Human Germ-Line Stem Cells As Source for Pluripotent Stem Cells

Funding Type: 
New Cell Lines
Grant Number: 
ICOC Funds Committed: 
Public Abstract: 

We seek to extend our current findings obtained with laboratory mice to human patients. In particular, during the course of the proposed research, we aim to develop routine protocols for isolating and amplifying autologous Germ Line Stem Cells (GLSC’s) from patient-biopsy specimens that retain their potency and are subject to minimal manipulation under sterile technique (amenable to regulation according to cGMP [current Good Manufacturing Practice]). In the future, we expect to translate this technology into clinical application for individualized treatment of male juvenile cancer patients undergoing radiation- and/or chemotherapy-induced treatments that result in infertility, where the freezing of sperm for future use is not yet an available option. Finally, we believe these techniques can be extended to female oocytes as well, where they will play a similar role in treating female infertility as well. Ultimately, these cells, because of their pristine nature compared with other types of stem cells, can be used to treat a wide variety of chronic diseases.

Statement of Benefit to California: 

Basic research into the biology of mammalian adult stem cells based on experimental animals, such as laboratory rodents, is expected to benefit the citizens of California by establishing rigorous protocols for Phase-I human clinical trials in the future for a wide range of chronic diseases from neurodegenerative disorders (Parkinson’s, Alzheimer’s), heart disease, stroke, lung diseases (COPD), Diabetes, traumatic injuries (spinal-cord and head trauma from sports injuries or car accidents), congenital genetic disorders (Huntington’s, Sickle Cell Anemia), post-radiation cancer treatments leading to infertility, and many others. The reason for working with laboratory animal-models of human disease is to establish clinical guidelines for treatment that are not well understood at this time. Some of the clinical procedures that have yet to be resolved are the following:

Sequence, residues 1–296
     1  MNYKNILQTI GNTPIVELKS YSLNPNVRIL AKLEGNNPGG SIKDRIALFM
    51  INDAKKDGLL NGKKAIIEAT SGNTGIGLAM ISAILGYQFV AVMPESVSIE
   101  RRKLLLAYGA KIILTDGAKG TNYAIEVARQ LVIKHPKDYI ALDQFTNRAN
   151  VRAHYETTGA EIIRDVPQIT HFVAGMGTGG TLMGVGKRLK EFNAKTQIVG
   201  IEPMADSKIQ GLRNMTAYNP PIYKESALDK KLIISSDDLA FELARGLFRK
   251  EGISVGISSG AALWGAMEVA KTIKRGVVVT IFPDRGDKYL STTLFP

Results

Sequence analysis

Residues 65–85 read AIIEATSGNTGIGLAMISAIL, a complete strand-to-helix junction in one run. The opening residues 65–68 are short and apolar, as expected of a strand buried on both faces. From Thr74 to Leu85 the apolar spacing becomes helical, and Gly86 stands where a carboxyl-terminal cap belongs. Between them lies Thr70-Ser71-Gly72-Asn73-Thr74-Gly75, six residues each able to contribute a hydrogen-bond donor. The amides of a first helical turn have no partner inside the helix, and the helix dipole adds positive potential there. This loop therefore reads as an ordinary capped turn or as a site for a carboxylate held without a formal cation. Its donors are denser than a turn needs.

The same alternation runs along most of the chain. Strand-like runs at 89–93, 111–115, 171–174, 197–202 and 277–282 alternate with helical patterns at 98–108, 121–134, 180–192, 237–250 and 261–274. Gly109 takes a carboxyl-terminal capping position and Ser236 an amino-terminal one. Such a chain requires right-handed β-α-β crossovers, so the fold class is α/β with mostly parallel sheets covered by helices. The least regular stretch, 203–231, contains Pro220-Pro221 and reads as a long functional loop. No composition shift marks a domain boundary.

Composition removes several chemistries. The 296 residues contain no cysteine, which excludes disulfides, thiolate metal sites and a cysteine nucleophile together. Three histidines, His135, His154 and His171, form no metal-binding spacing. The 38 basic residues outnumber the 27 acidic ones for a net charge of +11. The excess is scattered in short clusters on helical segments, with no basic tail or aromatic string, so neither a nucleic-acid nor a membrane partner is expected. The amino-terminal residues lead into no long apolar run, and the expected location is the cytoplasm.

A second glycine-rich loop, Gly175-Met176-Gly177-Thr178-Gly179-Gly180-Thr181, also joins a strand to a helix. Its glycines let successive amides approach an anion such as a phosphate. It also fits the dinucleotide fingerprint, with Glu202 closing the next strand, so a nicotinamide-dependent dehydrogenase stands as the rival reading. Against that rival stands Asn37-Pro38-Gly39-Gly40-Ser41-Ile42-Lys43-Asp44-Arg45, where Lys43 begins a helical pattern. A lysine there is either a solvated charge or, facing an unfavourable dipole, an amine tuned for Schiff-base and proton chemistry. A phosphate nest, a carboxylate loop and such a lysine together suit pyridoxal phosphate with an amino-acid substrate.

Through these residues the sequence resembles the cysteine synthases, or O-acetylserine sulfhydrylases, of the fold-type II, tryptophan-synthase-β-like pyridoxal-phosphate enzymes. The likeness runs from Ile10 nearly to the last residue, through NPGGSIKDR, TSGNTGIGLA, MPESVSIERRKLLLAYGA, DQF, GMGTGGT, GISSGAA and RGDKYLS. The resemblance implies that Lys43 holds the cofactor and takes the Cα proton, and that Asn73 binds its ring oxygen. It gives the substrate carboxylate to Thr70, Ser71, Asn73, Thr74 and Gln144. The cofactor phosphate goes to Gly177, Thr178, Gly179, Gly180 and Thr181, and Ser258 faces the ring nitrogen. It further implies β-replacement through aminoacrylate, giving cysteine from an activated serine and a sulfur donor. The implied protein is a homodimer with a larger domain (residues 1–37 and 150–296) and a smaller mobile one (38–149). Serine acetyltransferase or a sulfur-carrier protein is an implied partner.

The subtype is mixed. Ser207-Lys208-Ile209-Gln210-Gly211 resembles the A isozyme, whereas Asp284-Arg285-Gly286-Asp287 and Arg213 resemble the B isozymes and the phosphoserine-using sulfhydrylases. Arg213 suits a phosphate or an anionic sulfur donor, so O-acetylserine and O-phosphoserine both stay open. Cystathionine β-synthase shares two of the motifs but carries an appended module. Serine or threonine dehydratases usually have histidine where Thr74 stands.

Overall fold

• rigorous characterization and standardization of cultured human stem cells prior to administration;
• purity of the cells, e.g., without contamination by mouse feeder cells or oncogenic viruses;
• individualizing of doses of cells per administration (from thousands to possibly millions of cells);
• frequency of administration (daily, weekly, monthly, annually, or possibly only once);
• route of administration (IV perfusion vs. organ-specific injection);
• degree of differentiation of the cells (full pluripotent vs. multipotent or organ-specific cells);
• the absolute requirement for autologous cells (to prevent acute rejection and/or graft vs. host disease) vs. the sufficiency of non-histocompatible cells, as claimed by some respected scientists;
• diagnosis of end points for the successful termination of treatment;
• prognosis of systemic side effects or adverse reactions (inflammation, autoimmune disorders, cancer).

It is essential for citizens of California that the first human clinical trials conducted in our state be subject to the most rigorous protocol information available before such trials could lead to potentially serious adverse reactions, as we have witnessed with the otherwise promising field of genetic engineering and in the case of at least one profit-making, off-shore clinic where desperate patients, lacking alternatives, suffered the adverse consequences of tissue rejection from incompatible human fetal-cell injections. We are confident that CIRM-funded animal stem-cell research will provide the rigorous foundation for California medical scientists to build the protocols that will be needed for human therapies in the not-too-distant future.